Bosch opens IoT campus in Berlin
Berlin is a hotspot for many important players working on and with connected solutions. They include software and hardware providers, technology partners and startups. The Senate Department for Economics, Energy and Public Enterprises recognised the importance for Berlin as a location for innovation labs early on. With the study “Innovation and Creative Labs in Berlin – an inventory”, Project Future provided a comprehensive overview of locations dedicated to the development and implementation of innovative ideas in Berlin as early as 2013. See our overview of all Berlin-based innovation and innovation labs here.
More than 250 Bosch associates are working at the new IoT campus – the biggest and most important IoT innovation lab in the city. They come from a range of different domains within the company. Over the next few years, the number of associates is expected to rise to around 400. The IoT experts will advise and support customers during the development and implementation of projects for connected solutions. These encompass, for instance, solutions for Industry 4.0, connected mobility, smart cities, and smart homes.
“With our new premises, we are building bridges between our own IoT experts and others in Berlin’s creative and digital scenes”, Bosch CEO Dr. Volker Denner said at the opening of the new Bosch IoT campus at the end of January. “We believe in openness for the internet of things – open ecosystems and open collaboration and partnership. This idea is also reflected in the campus concept,” Denner added.
The new location is also the headquarters of Bosch Software Innovations GmbH, which was previously located at Berlin’s Schöneberger Ufer. This Bosch subsidiary has been playing an active role in shaping the internet of things for around ten years. IoT consultants, software developers, project managers, trainers, and other specialists have now realized more than 250 international IoT projects.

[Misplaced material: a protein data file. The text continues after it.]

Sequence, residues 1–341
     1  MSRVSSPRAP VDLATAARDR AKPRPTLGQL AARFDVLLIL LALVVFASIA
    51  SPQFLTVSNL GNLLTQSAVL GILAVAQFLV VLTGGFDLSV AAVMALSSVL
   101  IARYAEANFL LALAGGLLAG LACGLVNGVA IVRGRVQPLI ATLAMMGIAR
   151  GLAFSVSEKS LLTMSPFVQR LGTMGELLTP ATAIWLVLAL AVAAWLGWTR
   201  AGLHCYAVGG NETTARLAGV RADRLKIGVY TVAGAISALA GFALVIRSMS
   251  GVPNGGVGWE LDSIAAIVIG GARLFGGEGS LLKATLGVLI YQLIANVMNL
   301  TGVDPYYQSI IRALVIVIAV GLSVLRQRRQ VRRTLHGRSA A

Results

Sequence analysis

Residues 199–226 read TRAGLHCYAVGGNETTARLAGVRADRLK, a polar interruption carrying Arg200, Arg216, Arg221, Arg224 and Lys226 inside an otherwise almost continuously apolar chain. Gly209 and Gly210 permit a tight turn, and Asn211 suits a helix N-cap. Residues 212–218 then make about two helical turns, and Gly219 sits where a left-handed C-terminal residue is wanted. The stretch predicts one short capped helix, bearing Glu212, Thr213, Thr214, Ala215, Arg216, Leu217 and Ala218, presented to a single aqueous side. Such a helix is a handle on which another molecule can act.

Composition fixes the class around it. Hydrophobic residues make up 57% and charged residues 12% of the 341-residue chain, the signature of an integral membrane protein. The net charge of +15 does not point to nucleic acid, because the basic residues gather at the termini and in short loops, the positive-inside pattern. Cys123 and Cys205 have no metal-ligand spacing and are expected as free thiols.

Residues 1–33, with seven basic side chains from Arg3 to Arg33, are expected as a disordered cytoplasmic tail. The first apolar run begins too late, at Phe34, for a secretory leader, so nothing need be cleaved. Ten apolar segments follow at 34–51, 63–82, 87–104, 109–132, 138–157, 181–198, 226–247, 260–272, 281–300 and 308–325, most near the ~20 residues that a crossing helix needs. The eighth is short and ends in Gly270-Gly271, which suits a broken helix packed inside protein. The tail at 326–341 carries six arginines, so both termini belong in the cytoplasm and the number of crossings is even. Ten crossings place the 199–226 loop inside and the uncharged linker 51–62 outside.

Creative working environment
Visitors to the Bosch IoT campus immediately notice that the open-plan, three-storey ensemble offers an unconventional working environment. In total, Bosch has invested some 3 million Euros in the location and its unusual workspaces. The workshops are there to help associates build prototypes quickly and easily, for example. In contrast, the caravan is all about user experience: together with customers and users, it is a place where prototypes can be tested in the very early phases of a project. All of this is based on the design thinking method of innovation, which is widespread in the software development world.
From prototypes to productive solutions
In order for customers and associates to get an even better idea of how a prototype becomes a productive solution, the campus itself functions as a kind of living IoT lab. The caravan has been converted into a Bosch smart home, and the office kitchens are equipped with connected home appliances. Associates are also encouraged to integrate new appliances into their everyday work on an ongoing basis. One very recent example is an app that uses geodata to guide associates to the next free meeting room of the required size.
Thus, the inauguration of the Bosch IoT campus is another important building block for Berlin as a digital capital.